When I was growing up various neighbours and family friends would brew all sorts of magical drinks. You’d see the demijohns with those mysterious bubble air locks attached and possibly some tubes or the odd barrel in their garages and basements. When I was a teenager I tried my hand at making cider once. It took months, but it was potent! But that was about 30 years ago!
Last year when I was trying out a variety of different things I came across an intriguing book called “The Artisan Kitchen” which was all about cooking, smoking, curing, fermenting and brewing, as well as some other techniques. At the time I was focussed on the smoking and curious about the bread making and only really skimmed over some of the other chapters.
With a greenhouse and other stuff going on in the garden I thought maybe I’d be able to use some of my crops to make some alcoholic beverages.
While I like beer and am a big fan of Irish craft beer and breweries I am not overly interested in making my own at the moment. I’m more interested in meads and ciders. Mead is one of those drinks that fascinates me. It’s been around for hundreds, if not thousands of years, and it’s apparently relatively easy to make.
Cider has always been a drink I’ve enjoyed. When I say “cider” I’m thinking of a lovely dry cider that is made from apples and little else. A fruity version from some kind of red fruit would be fine, but never confuse it with the sweet muck that gets served in most pubs.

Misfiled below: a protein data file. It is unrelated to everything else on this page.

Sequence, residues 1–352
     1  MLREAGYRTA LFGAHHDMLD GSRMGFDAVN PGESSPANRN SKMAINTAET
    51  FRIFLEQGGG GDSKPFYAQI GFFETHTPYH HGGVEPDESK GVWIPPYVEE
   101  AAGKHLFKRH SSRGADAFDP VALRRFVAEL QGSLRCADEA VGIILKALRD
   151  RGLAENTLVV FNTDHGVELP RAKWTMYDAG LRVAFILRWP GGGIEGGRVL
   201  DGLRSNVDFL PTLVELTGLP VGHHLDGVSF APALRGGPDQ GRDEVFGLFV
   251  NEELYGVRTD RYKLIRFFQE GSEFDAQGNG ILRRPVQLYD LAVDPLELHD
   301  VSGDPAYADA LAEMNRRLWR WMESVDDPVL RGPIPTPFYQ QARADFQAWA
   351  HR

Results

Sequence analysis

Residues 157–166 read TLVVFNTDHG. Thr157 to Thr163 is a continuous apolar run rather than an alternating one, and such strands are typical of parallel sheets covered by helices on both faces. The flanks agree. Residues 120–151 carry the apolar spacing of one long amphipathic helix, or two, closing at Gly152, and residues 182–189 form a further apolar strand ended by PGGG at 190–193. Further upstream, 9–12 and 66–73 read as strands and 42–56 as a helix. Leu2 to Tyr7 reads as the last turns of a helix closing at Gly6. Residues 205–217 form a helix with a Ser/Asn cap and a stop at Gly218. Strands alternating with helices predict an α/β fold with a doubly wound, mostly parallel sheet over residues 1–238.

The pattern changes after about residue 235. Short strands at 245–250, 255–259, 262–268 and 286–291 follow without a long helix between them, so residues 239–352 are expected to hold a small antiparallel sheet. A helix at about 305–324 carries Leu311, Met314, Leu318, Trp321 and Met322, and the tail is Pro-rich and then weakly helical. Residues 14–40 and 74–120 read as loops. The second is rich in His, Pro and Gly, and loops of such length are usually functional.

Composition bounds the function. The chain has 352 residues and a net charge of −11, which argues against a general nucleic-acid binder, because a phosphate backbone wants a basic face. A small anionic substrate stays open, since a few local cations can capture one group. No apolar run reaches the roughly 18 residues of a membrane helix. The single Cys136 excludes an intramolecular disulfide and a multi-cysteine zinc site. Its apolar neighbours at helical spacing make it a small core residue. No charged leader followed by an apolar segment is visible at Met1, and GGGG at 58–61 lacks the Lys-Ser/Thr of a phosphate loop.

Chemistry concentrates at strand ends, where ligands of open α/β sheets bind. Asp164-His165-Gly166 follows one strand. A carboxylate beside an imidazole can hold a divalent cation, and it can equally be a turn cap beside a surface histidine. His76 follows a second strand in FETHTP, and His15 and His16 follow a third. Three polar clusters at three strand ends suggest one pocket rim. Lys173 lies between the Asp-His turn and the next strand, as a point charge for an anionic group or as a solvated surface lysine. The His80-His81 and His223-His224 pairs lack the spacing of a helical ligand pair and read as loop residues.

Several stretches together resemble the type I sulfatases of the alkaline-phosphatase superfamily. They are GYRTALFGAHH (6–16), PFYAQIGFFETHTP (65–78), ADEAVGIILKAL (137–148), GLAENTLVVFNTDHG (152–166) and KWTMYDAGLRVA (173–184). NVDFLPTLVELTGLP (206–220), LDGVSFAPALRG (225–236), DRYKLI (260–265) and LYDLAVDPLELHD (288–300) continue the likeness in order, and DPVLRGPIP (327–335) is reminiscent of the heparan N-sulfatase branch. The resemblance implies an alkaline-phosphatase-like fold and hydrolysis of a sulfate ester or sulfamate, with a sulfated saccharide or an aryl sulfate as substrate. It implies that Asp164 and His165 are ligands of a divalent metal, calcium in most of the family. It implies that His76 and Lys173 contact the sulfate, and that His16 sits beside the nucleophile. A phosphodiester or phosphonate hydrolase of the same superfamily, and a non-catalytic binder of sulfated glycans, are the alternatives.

Over the last couple of weeks I’ve spent quite a bit of time watching videos of various people from around the world showing how “easy” it is to make both mead and cider. I don’t think it’s that easy. I think it’s easy to make a drink that is somewhere in the same neighbourhood as a mead or a cider, but I suspect that producing something that is objectively good and drinkable takes skill.
I have vague recollections of home brewing shops existing in various places I’ve lived over the years, or at least of shops having a section where you could get some home brewing supplies. Either it’s gone out of fashion or I’m simply living in the wrong place, as my only option was to order some of the equipment to get me started online. I picked up starter kits for both cider and mead from Home Brew West and The Home Brew Company. I also ended up at The Home Brew Company’s shop in Mountmellick last week, as I had an appointment in the vicinity, so I was able to top up my supplies in person.
The first brew I’ve tried my hand at is mead and I specifically did not want to make a huge quantity of it the first time I tried.
For my first mead I didn’t want to splurge on honey. Of course I wanted a reasonable quality honey, but I also didn’t think that using the top quality honey was a good investment either. Once I’ve done a couple of test runs I’ll be happy to use better quality honey, but the price difference is significant.
One of the things every blog post, video and book emphasises is that you need to sterilise everything, so this afternoon my kitchen had a wonderful parfum of steriliser and yeast!
I’ve absolutely no idea how well or how badly my first batch of mead will turn out. None.
It’s now sitting in a demijohn in my sitting room bubbling away as it does its first fermentation. In a couple of weeks time I can hopefully find out how good or bad it is.
Obviously I topped up the demijohn and added the bubble lock!
Now to find out what I need to do with the cider kit I bought .. ..